Other parents lift their child onto their lap and read every word that is on the page to them.

Other parents have the child look through the book and they ask them questions that have to do with the illustrations on the pages.

Now this may all seem like small stuff to you. However, as I’ve seen hundreds of children of similar age and such a wide variety of behaviors I’ve realized that there is a vast difference in a pre-school age child’s habits and the abilities in the area of reading readiness. Another test we administer is a reading readiness screening which evaluates a child’s level of knowledge in the area of reading. Things that may seem overly simple to an adult are important stepping-stones to a child becoming a successful future reader. Things such as:

We read from left to right

Recognizing the front from back of a book

Letter recognition and sounds

Distinguishing between letters and numbers

How to rhyme

How to segment words (such as “mmm” and “oon” together say “moon”)

Understanding that the picture in a book and the words go together

Recognizing that words are separated by spaces

All these are important building blocks to reading and can easily be taught to a young child even by a novice parent.

Now you may be asking yourself what you could do to help your child prepare to be a great reader. There are lots of ways to teach your young child about books and reading to prepare them to read down the road.

Read to your child every day.

Let your children see you read.

Make reading fun or make it a reward

Talk about what’s happening in a book as you look at it together

Go to the library regularly

As you read to your child:

  • Ask questions about what they see in the book,
  • Ask what they think might happens next
  • Ask what they would do if the same thing happened to them.

Reading is a foundational skill for children to learn and a key to future success. It is the basis of so many other skills such math word problems, being able to understand written instructions or directions and reading signs and maps.

A few small changes now can make a huge difference in your child’s reading success. Help open a whole new world to your kids by setting them up to be strong, successful readers and learners.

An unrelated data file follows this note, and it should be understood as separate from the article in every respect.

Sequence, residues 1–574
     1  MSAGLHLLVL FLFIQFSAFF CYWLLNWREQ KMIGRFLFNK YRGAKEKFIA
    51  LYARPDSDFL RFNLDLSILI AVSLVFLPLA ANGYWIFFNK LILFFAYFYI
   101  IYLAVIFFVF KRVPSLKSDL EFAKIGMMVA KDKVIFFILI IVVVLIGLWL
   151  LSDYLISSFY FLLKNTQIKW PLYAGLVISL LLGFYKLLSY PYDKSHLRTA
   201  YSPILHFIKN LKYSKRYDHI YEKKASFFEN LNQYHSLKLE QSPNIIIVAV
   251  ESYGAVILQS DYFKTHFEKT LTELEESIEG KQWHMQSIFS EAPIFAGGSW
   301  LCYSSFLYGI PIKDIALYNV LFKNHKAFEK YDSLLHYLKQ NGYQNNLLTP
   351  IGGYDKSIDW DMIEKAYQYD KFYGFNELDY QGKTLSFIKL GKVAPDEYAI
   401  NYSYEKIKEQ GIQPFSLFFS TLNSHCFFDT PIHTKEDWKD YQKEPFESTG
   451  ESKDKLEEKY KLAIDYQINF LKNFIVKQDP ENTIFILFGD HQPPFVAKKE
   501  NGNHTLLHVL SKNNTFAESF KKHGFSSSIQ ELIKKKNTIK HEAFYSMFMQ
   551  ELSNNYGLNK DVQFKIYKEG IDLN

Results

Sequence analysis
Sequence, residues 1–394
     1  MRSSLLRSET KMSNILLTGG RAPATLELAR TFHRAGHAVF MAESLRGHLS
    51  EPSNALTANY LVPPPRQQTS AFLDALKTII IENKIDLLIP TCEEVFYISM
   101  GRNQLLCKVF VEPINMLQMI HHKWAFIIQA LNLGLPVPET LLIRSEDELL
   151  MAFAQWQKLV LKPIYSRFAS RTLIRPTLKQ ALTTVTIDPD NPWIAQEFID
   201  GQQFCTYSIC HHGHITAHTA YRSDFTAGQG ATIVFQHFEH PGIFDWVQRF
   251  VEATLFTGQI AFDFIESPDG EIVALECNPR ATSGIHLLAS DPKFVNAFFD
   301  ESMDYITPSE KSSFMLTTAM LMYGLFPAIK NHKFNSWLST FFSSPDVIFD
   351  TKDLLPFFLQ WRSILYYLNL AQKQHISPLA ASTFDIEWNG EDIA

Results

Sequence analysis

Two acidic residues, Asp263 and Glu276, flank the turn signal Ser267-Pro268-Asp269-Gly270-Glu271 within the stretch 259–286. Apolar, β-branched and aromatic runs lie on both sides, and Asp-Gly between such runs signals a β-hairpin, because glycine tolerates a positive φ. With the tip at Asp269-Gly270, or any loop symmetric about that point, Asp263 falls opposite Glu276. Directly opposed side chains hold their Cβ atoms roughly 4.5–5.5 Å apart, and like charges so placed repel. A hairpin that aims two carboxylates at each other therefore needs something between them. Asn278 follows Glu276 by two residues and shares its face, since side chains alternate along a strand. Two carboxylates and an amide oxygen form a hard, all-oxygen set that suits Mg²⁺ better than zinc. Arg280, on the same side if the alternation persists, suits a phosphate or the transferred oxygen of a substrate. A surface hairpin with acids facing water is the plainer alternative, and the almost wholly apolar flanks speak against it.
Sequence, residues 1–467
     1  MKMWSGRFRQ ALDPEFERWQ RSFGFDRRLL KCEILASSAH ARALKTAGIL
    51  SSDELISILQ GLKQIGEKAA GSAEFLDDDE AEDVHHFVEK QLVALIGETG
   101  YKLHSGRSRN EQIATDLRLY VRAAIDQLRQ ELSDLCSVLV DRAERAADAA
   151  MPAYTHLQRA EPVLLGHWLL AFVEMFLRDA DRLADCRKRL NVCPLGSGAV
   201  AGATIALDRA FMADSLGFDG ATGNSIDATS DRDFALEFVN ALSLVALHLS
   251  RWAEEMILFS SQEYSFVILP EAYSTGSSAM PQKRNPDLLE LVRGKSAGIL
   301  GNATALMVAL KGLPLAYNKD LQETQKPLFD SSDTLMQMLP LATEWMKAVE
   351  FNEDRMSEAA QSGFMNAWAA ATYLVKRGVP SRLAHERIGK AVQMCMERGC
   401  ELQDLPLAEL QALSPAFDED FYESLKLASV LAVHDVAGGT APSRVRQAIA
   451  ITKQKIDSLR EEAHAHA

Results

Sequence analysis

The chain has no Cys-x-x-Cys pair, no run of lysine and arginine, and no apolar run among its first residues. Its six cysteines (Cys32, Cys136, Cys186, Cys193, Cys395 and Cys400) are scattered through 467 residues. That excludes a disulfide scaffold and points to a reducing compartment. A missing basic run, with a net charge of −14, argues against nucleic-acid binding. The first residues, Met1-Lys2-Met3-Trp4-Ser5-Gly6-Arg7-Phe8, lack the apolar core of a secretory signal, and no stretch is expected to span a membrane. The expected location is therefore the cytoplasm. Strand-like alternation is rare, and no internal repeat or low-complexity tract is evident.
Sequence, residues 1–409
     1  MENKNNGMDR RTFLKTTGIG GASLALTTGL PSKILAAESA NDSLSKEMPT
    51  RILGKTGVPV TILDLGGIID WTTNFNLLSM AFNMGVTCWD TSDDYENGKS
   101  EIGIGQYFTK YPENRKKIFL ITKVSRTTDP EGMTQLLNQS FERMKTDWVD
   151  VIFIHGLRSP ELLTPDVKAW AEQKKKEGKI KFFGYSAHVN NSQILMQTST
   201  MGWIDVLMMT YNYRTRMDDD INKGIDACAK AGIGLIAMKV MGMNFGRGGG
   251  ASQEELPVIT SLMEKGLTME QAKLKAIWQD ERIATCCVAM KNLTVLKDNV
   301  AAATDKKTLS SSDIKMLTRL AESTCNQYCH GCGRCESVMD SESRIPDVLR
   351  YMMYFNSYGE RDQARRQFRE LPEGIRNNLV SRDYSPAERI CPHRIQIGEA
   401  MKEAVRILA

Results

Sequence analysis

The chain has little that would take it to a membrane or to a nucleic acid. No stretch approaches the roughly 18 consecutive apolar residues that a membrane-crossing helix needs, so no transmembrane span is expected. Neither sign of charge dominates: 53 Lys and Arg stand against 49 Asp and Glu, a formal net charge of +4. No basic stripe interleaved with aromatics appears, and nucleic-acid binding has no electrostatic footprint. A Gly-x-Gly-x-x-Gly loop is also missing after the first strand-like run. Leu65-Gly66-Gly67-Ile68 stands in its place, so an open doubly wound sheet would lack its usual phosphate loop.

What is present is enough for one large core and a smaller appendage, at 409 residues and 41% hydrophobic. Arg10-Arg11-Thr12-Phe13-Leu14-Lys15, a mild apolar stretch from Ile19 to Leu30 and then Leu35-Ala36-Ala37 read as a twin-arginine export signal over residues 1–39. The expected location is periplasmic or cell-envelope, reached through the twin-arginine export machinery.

Let Them Make Choices

Today I was at IHOP having breakfast. At the table across the isle from me sat a young mother and three small sons the youngest being 4 or 5 years old.

The youngest boy was looking at the beautifully colored menu and pointed an item out to his mom. Then I heard the mother say to him, “No, I’m going to order you the thing I always get you”. The response made the little boy sad and he closed the menu and started to pout. Apparently he wanted to order something different than his mom was going to order for him. My first thoughts were in defense of the mother. Maybe she was going to have the boy share a plate of food since she knew he could not eat a whole order by himself. When the order came all three boys and the mother had there own plate of waffles topped with strawberries.

I don’t know exactly why the mom ordered the food she chose for her family. However it reminded me how often we make decisions for our children based on what we want for them, rather than asking them what they want.

It can be tricky because from the time are children are newborns we feed them what and when we want and dress them in what we want them to wear. Then slowly they grow up and become their own person with different likes than ours. It’s so gradual that there’s no certain day when suddenly we stop making decisions for them and they begin making all their own choices. So one of the parenting challenges is to gradually teach our kids how to make choices and let them practice.

Choosing what to order at a restaurant (or what to have for lunch at home) is a good place to learn how to choose. Just because we like waffles, it doesn’t mean they have to like them, even if we’ve been serving them for breakfast for as long as they’ve been alive. BUT, after they choose they need to be taught they have to accept the consequences of the choice.

What does this look like?

Teaching how to make a choice is more than just saying, “Fine, order what you want but don’t blame me if you don’t like it”.

It should sound more like, “The picture on the menu is pretty but it usually does not look like that when they serve it”, or, “Do you know that that dish has onions in it, do you want onions?” OR whatever else your experience tells you might be a concern that their inexperience might have kept them from realizing.

Suggested steps for teaching a child to make a good choice:

  • Explain to them you are giving them a chance to make their own choice
  • Simplify the choice by narrowing it down to 3 or 4 options
  • Explain the options (be specific and use a kind voice)
  • Give parameters (money limit or size limit, etc)
  • After they’ve made their choice, if it fits within the parameters you’ve set, respect their decision and let go. Don’t try to talk them into something different.
  • Let them feel the natural consequence of their choice.

It’s good to let our children practice making a choice when the outcome does not have a huge consequence. Let them make their own choices while the consequences are small and safe and they can get practice for the bigger choices down the road.